Flextrak vs Snaptrack

Discussion in 'FAQs' started by dcfxq, Jun 4, 2004.

  1. dcfxq

    dcfxq Member

    OK. So I began last November with a fairly simple loop with one switch and a siding just to run my one loco and a handful or cars and now I am getting serious about a micro layout. Have new cars and a small switcher and the layout is coming together.

    I am looking to do a double loop with one siding and a couple of switches. I had been using Atlas Code 80 snap track and have been reading about flextrak and Code 55.

    What are the advantages/disadvantages to making the switch from code 80 to code 55 and from snap to flex? I tried searching the Atlas forum but for some reason the search function fails to operate there so any and all comments and suggestions are welcome. :confused:
  2. DanRaitz

    DanRaitz Member


    There are nothing but advantages when you use flex track versus snap track. So I would go with flex!!
    As for the code 80, code 55 question:
    Code 80,
    + Its everywhere (you can find it in just about in every toy and hobby shop).
    + Costs less than code 55.
    - oversize (scales up to be some VERY large rail)

    Code 55,
    + It looks a lot better than 80 (closer to a scale size)
    - More expensive then 80
    - Some older equipment will not run on it (wheel flanges to large)
    - Might be harder to find

    So what would I use?? CODE 55 of couse, Why? Closer to scale size!!!

    PS: We are talking N Scale aren't we?
  3. dcfxq

    dcfxq Member

    Yes, most definitely n-scale! The cost side isn't really a major factor since it is a micro layout (31"x33") and won't get any larger because of space lmitations. (Well I could always do another same size layout and swap them out of course).

    All of the rolling stock I have is new (mostly micro-trains, atlas and mdc) and since I haven't found a decent LHS in the Wash. DC area MB Klein is always there in Baltimore (about 45 mins. away) and my wife has no problems w/ a little roadtrip there and also can sneak in a lunch in the Greektown section or Fells Point area as an added bonus. :thumb: :thumb: :thumb:
  4. neilmunck

    neilmunck Member

    Flexi track is better because you are not trapped in a predefined track geometry. Flexitrack allows you to have easements, where the radius of the curve increases to the maximum curvature over a car length or so rather than slamming straight into a corner.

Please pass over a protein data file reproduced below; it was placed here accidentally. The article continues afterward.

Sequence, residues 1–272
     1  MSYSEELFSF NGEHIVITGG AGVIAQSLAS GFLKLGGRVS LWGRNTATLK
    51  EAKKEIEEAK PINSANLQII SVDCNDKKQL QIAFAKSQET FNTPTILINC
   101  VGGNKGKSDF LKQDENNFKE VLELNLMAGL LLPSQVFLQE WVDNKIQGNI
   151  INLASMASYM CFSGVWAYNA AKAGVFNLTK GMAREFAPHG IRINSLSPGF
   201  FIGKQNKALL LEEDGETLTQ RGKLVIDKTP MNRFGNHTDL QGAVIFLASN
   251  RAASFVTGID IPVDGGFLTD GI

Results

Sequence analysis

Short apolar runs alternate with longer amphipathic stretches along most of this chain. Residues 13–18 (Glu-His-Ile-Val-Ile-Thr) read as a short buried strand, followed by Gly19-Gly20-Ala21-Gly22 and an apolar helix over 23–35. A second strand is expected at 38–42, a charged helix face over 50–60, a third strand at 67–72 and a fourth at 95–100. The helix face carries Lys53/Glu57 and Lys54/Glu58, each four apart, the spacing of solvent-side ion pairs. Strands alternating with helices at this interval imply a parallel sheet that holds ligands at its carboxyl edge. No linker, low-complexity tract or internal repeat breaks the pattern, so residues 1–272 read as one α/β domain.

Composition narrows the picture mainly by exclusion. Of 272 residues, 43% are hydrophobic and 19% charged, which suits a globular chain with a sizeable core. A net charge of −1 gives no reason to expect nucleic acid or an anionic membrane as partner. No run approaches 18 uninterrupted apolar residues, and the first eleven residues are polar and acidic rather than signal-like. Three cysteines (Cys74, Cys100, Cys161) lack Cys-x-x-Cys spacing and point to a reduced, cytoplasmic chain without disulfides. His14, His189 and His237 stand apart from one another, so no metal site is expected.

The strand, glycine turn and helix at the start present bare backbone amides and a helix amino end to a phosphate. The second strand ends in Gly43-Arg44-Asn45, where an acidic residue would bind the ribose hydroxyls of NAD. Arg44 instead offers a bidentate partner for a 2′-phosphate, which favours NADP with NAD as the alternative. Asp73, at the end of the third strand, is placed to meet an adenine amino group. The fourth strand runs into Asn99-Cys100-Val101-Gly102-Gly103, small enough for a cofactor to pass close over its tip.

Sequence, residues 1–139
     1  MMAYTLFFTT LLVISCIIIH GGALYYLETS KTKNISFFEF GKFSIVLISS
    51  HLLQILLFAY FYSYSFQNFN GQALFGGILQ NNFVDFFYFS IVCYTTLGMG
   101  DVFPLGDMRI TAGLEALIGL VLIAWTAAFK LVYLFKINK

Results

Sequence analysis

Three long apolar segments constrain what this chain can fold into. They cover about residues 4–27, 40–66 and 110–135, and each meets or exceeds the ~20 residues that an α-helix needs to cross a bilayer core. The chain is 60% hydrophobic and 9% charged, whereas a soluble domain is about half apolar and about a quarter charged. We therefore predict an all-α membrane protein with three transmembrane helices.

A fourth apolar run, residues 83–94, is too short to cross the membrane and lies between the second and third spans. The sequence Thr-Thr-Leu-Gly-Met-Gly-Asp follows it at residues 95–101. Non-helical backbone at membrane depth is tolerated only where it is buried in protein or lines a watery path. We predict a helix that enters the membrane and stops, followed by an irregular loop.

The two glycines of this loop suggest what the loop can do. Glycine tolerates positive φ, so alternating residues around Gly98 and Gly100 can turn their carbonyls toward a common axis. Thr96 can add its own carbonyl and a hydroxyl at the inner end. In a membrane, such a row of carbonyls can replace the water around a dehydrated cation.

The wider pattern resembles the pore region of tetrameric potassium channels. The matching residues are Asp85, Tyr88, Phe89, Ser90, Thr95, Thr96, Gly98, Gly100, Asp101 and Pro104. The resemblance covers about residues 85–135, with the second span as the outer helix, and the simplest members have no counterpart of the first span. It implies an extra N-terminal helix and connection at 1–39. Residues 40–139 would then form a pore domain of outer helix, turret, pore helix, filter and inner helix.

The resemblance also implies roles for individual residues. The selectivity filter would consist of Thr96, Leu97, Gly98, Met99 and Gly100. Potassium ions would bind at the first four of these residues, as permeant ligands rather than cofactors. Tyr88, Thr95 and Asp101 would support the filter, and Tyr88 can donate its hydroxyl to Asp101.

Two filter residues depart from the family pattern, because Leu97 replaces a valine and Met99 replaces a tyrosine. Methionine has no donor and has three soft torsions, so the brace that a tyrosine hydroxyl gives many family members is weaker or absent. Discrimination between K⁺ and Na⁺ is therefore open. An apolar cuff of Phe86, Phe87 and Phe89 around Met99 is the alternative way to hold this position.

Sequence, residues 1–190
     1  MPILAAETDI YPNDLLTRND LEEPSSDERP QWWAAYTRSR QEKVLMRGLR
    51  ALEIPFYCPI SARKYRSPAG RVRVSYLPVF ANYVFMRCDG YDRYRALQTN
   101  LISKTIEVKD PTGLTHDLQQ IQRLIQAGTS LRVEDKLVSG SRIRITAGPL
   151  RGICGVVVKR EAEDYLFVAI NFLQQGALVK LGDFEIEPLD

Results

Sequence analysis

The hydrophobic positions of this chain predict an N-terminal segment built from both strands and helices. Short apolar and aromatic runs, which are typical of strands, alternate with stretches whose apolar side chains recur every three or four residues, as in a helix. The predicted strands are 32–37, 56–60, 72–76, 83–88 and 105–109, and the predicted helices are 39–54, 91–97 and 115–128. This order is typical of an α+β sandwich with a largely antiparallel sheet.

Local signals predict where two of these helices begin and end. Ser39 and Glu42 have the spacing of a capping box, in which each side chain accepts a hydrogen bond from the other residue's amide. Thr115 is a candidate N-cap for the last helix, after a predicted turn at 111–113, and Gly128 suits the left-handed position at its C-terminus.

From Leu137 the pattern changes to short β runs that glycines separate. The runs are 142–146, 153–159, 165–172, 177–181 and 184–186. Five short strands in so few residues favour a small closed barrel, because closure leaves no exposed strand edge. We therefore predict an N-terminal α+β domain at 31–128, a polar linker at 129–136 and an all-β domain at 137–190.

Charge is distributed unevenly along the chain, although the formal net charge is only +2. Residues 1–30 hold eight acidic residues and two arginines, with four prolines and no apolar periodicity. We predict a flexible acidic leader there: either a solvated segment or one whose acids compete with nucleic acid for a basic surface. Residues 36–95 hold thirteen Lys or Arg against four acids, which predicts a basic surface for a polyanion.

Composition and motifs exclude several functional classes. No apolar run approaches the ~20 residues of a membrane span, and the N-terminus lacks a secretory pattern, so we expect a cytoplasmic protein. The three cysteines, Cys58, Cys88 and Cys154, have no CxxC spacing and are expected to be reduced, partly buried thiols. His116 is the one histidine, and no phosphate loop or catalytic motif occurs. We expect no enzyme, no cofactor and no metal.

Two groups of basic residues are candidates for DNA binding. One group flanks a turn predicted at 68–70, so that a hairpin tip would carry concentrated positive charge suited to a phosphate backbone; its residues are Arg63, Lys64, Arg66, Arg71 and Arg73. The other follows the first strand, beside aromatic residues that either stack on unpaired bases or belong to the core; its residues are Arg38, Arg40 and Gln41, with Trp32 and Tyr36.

It requires a bit more time to lay as you have to trim the rails but everyone who is really into the hobby uses it because it looks better and performs better.

  5. Cogent

    Cogent New Member

    I was going to ask about the differences between Code 80 and Code 55 but you beat me to it.
    I do know that Flex is the way to go. Right now I have a box full of sectional and I have no idea what I can or can't build with it. It would be one thing to start with a plan and buy from there, but I am going backwards and starting with track. The reason is that my budget is very limited and I do have a lot of track lying around.

    What a headache....
  6. Medicine Man

    Medicine Man Member

    Nothing wrong with haveing the track first. Look at the Atlas track plans book's (or the little brosure they give out) for idea's. I did the super-pretzel but enlarged it to 9' X 16'. This layout fits well into my 1920-25 Eastern Kentucy theme. :)

  7. jon-monon

    jon-monon Active Member

    Nothin' wrong with early Kentucky either, MM :D :D :D

    The only drawback to flextrack is some people find it harder to work with. I think it is well worth the effoprt to master a few new skills to gain the awesome flexibility of flex track :D Soldering is pretty much required. You need to do cutting and trimming not needed with sectional track. As you bend it, one rail "grows".

    If you have old loco's, or would like to be able to buy them later, or let your friends run their old loco's, better test all these possible old loco's on code 55 before building with it. I had a minitrix, and when I proudly brought home a piece of code 55 flextrack, it's large flanges bounced happilly across the ties.

    No, I don't usually buy just one piece of track at a time. I knew it might be a problem, and it was! It won't be a problem if you run new, American made stuff.
  8. shaygetz

    shaygetz Active Member

    Don't lose any sleep over it. Last I checked, there was no law against using sectional track. Solder your joints, make sure they're flat and true, then run a couple of extra feeder wires every 2-3 feet for good electrical continuity. Our club's layout has a yard module that's 28' long and 12 tracks wide---all in sectional track. Would we rather have done it in flex---yes, but when the track's free, who's gonna argue? Shoot, most of the turnouts are----gasp----brass rail! :rolleyes: :eek: :p

    As for scale size, C100 works well enough for me in HO and I never have to tell someone they can't run what they brung because the flanges are too deep. The attached picture shows what a bit of weathering and ballast can do for oversize rail. The front tracks are bare, the rear ones are ballasted.

    The hobby is one of progression. Everyone of us started out with sectional, I still have to use it on my old Marklin equipment. Experiment, make mistakes, learn, have fun, move on. If the Anacronism Police come knocking on your door, I got your back ;) :p :D

    Attached Files:

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